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Guideposts for an Effective Mentoring Relationship: Mentoring in the Age of COVID


Madeleine Durante
Fundraising Innovation Manager, MoveOn




Susan Shapiro
President, shapiroassociates       



From the CEO to the Vice President and the young entry-level professional, everyone can remember that person, friend, family member, or career coach who helped to guide them, find their own voice, and make the best decisions to build their careers.

For years, the AFP-NYC Chapter has provided resume review sessions, career building support, ‎and most recently, re-engineered the Mentoring Program to provide more meaningful ‎engagements for both mentors and mentees.  ‎

In the midst of an isolating pandemic, we had the privilege to enter into a mentoring relationship ‎and offer the following guideposts for mentors and mentees seeking to get the most out of the ‎relationship:

Format and Frequency
A more structured relationship yields greater dividends than ‘winging it’. Knowing what your needs ‎are and how to get what you need, is fundamental to a better outcome.

We decided early on that if this was going to be productive, we need to have more time together. ‎While the availability of the mentor’s time will play a determining role in how often you connect, for ‎the most effective mentoring relationship, we recommend investing ample time into ‎conversations. While the minimum for AFP-NYC’s mentorship program is a one-hour meeting ‎every other month, if possible, we recommend meeting for 45 minutes to an hour every two-to-‎three weeks for continuity that helps to build trust, address issues in real time and plan for future ‎goals. Meeting frequently will allow the mentoring relationship to have the adaptability needed to ‎respond to challenges and opportunities as they emerge. ‎

It is incumbent on the mentee to be accountable to the overall direction of the relationship. No ‎matter how involved a mentor may be, the relationship will be most successful when the mentee ‎takes ownership over:

  • Goal-setting. At the beginning of the mentoring relationship, the mentee ought to set ‎SMART goals for what they aim to accomplish during the period. AFP-NYC provides ‎useful guideposts in their mentorship program.
    • Note: These goals can be adapted as needed, depending on career shifts.
  • Agenda creation. Every meeting should have a purpose, and before these convenings, ‎the mentee should consider what they want to get out of the session, and how it connects ‎back to the overall meeting goals. Quickly pulling together and sharing a purpose, ‎outcome, and process for meetings can help tremendously.
  • Meeting structure. At the outset, we talked about the best way to manage our time to ‎allow for problem solving, coaching and professional support. Be sure that the two of you ‎get clarity on the kind of support the mentor is best equipped to offer. The mentee ought to ‎consider what kinds of support are available to them in their current role, and what they ‎may be lacking (for instance, a one-person shop may benefit from having a sounding ‎board for strategy). The relationship will be most effective when meetings offer multiple ‎convening styles, such as:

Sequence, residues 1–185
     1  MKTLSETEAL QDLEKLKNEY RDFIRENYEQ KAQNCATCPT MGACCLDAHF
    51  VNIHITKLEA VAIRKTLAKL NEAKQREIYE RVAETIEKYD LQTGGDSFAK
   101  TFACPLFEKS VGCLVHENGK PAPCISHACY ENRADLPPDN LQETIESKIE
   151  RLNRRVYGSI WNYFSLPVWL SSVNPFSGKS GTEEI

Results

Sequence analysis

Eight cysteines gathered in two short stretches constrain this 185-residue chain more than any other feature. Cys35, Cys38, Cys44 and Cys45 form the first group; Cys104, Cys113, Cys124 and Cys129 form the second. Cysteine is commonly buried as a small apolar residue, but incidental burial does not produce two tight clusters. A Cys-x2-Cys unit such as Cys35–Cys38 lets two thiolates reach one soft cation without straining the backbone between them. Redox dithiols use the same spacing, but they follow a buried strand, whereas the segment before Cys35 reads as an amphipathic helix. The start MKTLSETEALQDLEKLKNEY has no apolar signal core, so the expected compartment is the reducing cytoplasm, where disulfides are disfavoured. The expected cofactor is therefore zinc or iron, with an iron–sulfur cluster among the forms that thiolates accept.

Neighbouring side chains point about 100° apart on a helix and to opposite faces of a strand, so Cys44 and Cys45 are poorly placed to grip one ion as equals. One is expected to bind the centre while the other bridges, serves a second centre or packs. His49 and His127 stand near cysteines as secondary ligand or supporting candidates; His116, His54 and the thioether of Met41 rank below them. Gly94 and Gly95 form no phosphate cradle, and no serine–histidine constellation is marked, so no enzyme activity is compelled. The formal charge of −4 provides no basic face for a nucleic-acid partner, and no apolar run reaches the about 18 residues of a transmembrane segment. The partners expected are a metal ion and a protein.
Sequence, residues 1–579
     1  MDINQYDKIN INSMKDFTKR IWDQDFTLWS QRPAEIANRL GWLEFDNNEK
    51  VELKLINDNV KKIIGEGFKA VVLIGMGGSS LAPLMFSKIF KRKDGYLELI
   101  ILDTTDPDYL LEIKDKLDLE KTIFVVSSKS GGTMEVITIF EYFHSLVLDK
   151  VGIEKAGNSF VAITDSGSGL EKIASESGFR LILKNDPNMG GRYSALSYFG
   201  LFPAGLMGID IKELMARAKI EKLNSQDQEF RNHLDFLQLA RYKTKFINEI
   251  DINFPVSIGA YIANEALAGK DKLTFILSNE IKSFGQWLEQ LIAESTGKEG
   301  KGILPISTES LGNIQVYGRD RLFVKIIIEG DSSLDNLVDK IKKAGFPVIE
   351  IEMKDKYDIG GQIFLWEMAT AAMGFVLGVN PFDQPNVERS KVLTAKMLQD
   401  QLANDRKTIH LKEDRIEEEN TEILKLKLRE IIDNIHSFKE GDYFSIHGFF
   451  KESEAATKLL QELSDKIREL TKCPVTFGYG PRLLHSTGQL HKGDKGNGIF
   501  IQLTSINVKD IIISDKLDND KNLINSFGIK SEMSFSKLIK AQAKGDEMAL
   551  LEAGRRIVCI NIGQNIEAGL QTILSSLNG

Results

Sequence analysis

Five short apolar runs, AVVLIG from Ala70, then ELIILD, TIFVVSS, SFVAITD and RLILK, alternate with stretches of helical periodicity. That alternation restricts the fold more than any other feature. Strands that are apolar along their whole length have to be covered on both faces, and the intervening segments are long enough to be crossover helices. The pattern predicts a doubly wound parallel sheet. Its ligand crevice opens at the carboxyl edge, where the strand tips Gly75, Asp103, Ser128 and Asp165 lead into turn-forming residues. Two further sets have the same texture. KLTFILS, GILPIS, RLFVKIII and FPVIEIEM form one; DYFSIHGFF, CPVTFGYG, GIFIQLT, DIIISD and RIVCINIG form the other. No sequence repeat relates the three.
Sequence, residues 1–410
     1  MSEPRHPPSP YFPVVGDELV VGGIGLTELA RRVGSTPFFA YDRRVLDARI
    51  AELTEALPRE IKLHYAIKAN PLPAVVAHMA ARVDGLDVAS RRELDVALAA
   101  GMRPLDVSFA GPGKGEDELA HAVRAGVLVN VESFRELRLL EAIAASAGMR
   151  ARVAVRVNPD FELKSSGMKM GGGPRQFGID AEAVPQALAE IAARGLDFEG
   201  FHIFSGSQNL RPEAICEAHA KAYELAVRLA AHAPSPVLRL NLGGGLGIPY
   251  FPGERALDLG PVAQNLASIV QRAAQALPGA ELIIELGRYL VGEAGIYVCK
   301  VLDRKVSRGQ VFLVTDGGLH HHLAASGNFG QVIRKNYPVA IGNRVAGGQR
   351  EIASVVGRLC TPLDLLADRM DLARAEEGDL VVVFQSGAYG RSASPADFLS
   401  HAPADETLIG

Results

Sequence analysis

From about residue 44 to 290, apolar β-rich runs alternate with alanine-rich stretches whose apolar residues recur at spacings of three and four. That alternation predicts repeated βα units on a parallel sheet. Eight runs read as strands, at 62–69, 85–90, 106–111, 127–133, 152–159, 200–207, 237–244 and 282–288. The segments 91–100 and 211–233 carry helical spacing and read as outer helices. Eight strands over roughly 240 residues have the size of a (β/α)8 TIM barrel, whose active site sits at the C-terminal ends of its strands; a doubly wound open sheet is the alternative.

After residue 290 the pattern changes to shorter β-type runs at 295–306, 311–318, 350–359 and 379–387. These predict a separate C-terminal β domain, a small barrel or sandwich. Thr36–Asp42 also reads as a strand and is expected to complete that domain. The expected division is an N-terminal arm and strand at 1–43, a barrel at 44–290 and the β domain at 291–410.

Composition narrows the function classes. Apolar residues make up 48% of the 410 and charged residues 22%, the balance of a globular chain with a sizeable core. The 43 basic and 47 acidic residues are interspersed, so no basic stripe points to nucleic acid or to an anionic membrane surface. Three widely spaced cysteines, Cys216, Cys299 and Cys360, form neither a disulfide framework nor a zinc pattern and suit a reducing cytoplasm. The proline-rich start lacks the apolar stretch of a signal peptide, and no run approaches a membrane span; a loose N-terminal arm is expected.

• ‎honing in on skills through role play, review of resources, shared readings
    • ‎collaborative problem-solving and strategizing
    • ‎connecting the day-to-day to the broader professional and personal journey
    • creating space for 360-degree learning for mentor and mentee alike

Sustaining Relationships During COVID-19‎
As we think about our time together, we agree that it feels more like surprising delight vs. ‎obligation. Perhaps this is the pandemic talking and the yearning for connection. In fact, at the ‎time of this writing, we are planning to meet “in person” very soon.

In our business, relationships are paramount. This was true before the quarantines, economic ‎crises, and deep isolation of the past year. But as many fundraisers adapted to a remote-first ‎environment, we found the need to intentionally carve out space for being in relationship with ‎one another. Particularly in a mentoring relationship, we recommend holding dedicated space for ‎a focused, one-to-one conversation. Include time on the agenda to deliberately check in and ‎see how the other is doing. Be present with one another: use video calls and when possible, keep ‎your video on. Choose a meeting time where you can avoid distractions and multitasking.

The Right Fit ‎
Are you comfortable with one another? Give yourselves time to get to know one another and ‎access if the pairing is right for you. Ideally, each person should have multiple mentors. As AFP-‎NYC Mentoring Committee chair Juliana Weissbein writes beautifully on her blog, each person ‎should have a network of “champions, challengers, and connectors” who can offer different ‎insights. In order for the mentorship relationship to be the most effective, the mentee ought to be ‎clear that no one mentor can serve all mentorship roles for you. Identify the strengths in your ‎mentoring relationship and anchor your conversations to getting the most out of them possible.

Please feel free to reach out to us with your thoughts. We’d love to hear about your successes ‎and challenges and if you have any additional suggestions on developing an effective mentoring ‎relationship.

*This article is part of a larger series of content produced by members of the AFP-NYC Mentorship Cohort. We thank the authors for their contribution to the chapter. To learn more about the program, click here.

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